influenced by their native language (Spanish), then, the learning process of
any other language, English in this case, can be compromised or influenced
negatively. It is not the same for a person who started having contact with a
target language at an early age such as 3 or 4 than for a person who does it
being 20 or more than 30 years old. The participants themselves seem to think
that indeed, the fact that they did not take English in school or high school is
going to affect their learning process in a way. Once again, the earlier a person
begins being in contact with a target language, the easier would be for this
individual to master it.
Some of the aspects that might demonstrate the influence of the native
language in the participants of the study are the use of Spanish like structures
some of them make use of. Also, some of the pronunciation patterns in these
students are highly influenced by their native language. All of these aspects
have been observed by the teachers that have contact with the participants of
the study.

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Parental Role

Needless to say, the support one receives from their peers or relatives is
crucial at the time to face any challenge. The same way occurs when learning
another language. As Pishghadam (2011) claims, aspects such as the presence of
two parents at home, parent monitoring and their involvement in education are
sources in charge of providing the necessary input they might need in their academic achievement. Therefore, questions regarding these sources were included
in the instrument.
About this matter, the results are highly positive. Participants express that
their parents support them in their learning process since they consider important to know the language. Despite the fact that in most cases, they do not count
with the enough economic resources to help them, the motivation they provide
encourages them during the process; otherwise, the obstacles to overcome will
be higher.
Relationship between the Context and Students Motivation and Attitude
towards the Language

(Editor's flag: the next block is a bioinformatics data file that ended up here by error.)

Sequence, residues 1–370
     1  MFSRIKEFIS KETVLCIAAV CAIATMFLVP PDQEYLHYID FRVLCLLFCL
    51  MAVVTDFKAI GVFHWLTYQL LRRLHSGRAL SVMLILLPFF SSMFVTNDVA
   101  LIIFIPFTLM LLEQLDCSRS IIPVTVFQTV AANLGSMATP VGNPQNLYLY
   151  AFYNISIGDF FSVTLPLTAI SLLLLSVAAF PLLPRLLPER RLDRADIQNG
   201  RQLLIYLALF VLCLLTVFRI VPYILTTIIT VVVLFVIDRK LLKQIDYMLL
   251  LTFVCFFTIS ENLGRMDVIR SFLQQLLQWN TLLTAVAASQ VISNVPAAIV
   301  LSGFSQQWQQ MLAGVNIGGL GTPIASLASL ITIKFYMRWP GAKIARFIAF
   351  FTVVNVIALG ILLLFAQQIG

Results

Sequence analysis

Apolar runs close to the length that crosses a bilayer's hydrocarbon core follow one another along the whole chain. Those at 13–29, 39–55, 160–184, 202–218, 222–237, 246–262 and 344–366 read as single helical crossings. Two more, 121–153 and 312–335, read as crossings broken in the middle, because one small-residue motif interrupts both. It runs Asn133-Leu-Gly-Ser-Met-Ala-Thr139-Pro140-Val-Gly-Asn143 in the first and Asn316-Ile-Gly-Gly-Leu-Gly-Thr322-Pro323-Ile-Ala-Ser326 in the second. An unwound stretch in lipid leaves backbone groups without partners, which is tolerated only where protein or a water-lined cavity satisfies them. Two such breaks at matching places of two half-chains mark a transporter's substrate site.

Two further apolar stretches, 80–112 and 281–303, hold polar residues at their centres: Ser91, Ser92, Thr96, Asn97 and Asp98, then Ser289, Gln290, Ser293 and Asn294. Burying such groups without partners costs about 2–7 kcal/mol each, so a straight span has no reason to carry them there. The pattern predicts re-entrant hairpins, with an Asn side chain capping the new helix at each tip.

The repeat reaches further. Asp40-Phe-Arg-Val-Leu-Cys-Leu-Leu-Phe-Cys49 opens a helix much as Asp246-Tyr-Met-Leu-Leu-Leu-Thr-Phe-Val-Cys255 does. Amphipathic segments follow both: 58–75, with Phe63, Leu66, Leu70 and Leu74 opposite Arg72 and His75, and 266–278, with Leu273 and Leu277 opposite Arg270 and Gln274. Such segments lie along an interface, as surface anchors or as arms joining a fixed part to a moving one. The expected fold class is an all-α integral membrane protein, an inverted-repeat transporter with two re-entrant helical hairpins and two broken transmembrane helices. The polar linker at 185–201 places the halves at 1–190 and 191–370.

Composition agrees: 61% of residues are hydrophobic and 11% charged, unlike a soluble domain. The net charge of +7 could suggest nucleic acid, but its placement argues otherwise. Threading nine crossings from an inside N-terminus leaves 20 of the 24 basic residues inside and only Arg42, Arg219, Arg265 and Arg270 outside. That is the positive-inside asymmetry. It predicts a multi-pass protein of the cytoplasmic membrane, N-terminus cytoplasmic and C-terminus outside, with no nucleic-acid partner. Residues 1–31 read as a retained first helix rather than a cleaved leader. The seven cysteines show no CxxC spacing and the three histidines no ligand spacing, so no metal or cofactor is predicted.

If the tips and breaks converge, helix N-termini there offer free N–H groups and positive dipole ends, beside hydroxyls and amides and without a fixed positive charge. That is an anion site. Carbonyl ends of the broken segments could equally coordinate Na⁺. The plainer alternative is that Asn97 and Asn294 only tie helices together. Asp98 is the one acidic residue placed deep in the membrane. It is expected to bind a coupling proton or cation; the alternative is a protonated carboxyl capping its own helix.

Most of the students wish they could speak other languages perfectly. This
shows that they have some sort of motivation either intrinsic or extrinsic towards foreign languages. Having this type of interest may be highly beneficial
for the students to master the target language they are being exposed to at the
moment (English).
Other of the statements the students responded to was in relation to their
interest in learning other languages which, as it was showed, was quite high. In
this case, students are asked about their interest in learning English specifically.
Most of them agreed with the statement learning English is great, that shows
that their attitude towards this language is very favorable. And as Archibald
(1997) said, emotions affect how successful a second language learner is. The
attitude in many cases is crucial to guarantee successful learning. Actually, according to Ghalami (2012), attitudes of the learner towards the target language,
its speakers and the learning context play an important role in succeeding or
failing to learn a language. In this specific case it is possible to understand that
there is a good welcoming attitude towards the English language, most of the
students think it is great to learn it.
Regarding the participants attitudes towards the target culture, which in
this case is the one composed by native speakers of English; it is more than obvious that there is a good reception. Students like to meet people who speak other
languages; this also reinforces the fact presented previously about wanting to
speak other languages. Besides this, they perceive English speakers as sociable
and nice;this reveals that there is a positive attitude towards English native
speakers. Having this positive attitude might increase students possibilities of
mastering the target language more easily.

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449

Based on the answers provided, one can deduce that students feel motivated in their English classes, something they manifested by agreeing completely
to statements such as I really enjoy to learn English and I would rather spend